Album Review: Ramage Inc – Humanity has Failed

It’s been six years since I heard much from progressive metallers, Ramage Inc. The last time I saw the Scots, they were part of the opening Thursday line-up at Bloodstock in 2017. Whilst they picked at my interest, they presented as a little jumbled and over complex.

It’s been even longer since I’ve listened to them, but their fourth long player was offered up and I took it. Sometimes, you make decisions in the heat of the moment that you regret. Humanity has Failed is one of them.

It’s not a terrible release by any standard, and it’s certainly well played; if you want something to carry you through a dull evening, then it’ll certainly help pass the time, for boy is it long. Mind-numbingly long in fact. Incredibly overblown in parts, at times hugely theatrical and dramatic, this is Iron Maiden circa 2022 long. The band’s style is, for all its promised complexity, rather pedestrian, and reliant on one main style. 15 songs that drain nearly 80 minutes of your life. Flickers of interest are quickly extinguished by some yawn inducing passages that simply do nothing to excite.

If you like what we do, consider joining us on Patreon for as little as £1 per month!

And then there’s the lyrical content and theme. About as unoriginal as you can get today, with virtually every metal band making social commentary about the way the world is falling apart. Let’s have a concept album with themes about the state of the planet, climate change, humanity in general. Yeah, great. Another one. It’s largely predictable, at times pompous, and quite frankly, boring.

Although the tracks are, in the main, reasonably short, they don’t feel like it. Each song has huge layers, multiple vocals, as well as the Devin Townsend style of Ramage which doesn’t help if you aren’t a fan of the Canadian, which I’m not. Songs like “Barriers” are just too much of an aural challenge. How do you work out what to listen to you when it all comes at you in such dramatic, chaotic style? The title track is dire. A misguided collection scraped from the leftovers of Townsend and Gojira. It’s simply lifeless. Can you cope with the bombastic chaos of “Fallen”, the starting point on this album? One that will either turn you on or off. If you fall into the latter, then at least you get the chance to bail early. Some of us have had to listen to the formulaic repetition more than once you know.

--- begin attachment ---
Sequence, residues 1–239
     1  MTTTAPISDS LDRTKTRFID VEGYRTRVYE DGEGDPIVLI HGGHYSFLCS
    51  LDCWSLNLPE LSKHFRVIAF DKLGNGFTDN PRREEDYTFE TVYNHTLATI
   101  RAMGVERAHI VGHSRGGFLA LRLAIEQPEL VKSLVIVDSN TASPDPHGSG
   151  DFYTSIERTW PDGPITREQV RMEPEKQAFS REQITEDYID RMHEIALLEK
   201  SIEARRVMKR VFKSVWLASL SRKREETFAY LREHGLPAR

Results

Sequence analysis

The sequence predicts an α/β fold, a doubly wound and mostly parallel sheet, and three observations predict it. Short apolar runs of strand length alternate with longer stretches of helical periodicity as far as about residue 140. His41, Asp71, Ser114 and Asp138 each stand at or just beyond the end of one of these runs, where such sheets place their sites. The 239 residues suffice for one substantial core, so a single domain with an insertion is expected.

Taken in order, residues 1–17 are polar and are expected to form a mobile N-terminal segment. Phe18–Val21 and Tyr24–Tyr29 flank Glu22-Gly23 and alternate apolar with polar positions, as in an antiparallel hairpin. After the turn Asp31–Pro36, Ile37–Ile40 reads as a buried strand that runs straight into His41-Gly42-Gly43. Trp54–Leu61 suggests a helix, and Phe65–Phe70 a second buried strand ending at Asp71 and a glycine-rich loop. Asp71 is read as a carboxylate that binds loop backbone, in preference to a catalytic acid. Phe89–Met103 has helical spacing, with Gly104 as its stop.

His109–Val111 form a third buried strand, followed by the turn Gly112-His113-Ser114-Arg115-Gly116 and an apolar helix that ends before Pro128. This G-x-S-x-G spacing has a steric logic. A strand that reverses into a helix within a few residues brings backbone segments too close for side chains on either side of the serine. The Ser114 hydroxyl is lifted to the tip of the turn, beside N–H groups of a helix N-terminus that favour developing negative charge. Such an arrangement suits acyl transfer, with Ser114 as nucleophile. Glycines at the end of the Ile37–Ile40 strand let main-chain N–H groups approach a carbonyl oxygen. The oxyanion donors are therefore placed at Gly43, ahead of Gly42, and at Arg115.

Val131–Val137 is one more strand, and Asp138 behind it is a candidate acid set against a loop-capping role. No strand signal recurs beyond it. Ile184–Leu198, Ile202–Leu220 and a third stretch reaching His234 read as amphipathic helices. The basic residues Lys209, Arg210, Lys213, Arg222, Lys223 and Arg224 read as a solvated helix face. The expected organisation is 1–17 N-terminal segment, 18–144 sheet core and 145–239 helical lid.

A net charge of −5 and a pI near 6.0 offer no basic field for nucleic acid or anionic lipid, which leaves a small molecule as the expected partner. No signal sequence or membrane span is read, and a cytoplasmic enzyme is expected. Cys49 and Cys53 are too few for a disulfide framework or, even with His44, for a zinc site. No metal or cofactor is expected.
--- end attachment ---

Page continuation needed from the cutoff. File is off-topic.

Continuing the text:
Whilst some will inevitably describe this as a masterpiece, or a challenging piece of thoughtful, perfectly constructed progressive metal that prompts questions, and provides the cerebral storm necessary, others are likely to call it excessive, overwhelming, a struggle to comprehend, or maybe just a little bit pretentious. You take your pick. For me, it’s magnolia coloured, a standard featureless release that is inoffensive, but doesn’t stir any excitement. If you want to find quality progressive metal, then look around, for there are plenty of better bands to discover.

I don’t recall the band being particularly exciting to watch, but that was six years ago. On this latest release, they switch between fleeting moments of interest to passages of tedious progressive metal that rarely holds the attention. I was wandering on the first play, distracted on the second, and struggling on the third run. There wasn’t a fourth. No amount of washing up lasts this long.

Perhaps, if you are a fan of this band, then this is what you’ve been waiting for since 2018’s Under the Skin. Whether that wait has been worth it is of course a personal perspective. For me Humanity has Failed is underwhelming in virtually every aspect. Perhaps Ramage Inc Has Failed would have been a better title?

Don’t fancy Patreon? Buy us a one-off beverage!

Humanity has Failed is out on 27th October

Check out all the bands we review in 2023 on our Spotify and YouTube playlists!

Ramage Inc: official | facebook | twitter | spotify | bandcamp | youtube

Notify of

This site uses Akismet to reduce spam. Learn how your comment data is processed.

Inline Feedbacks
View all comments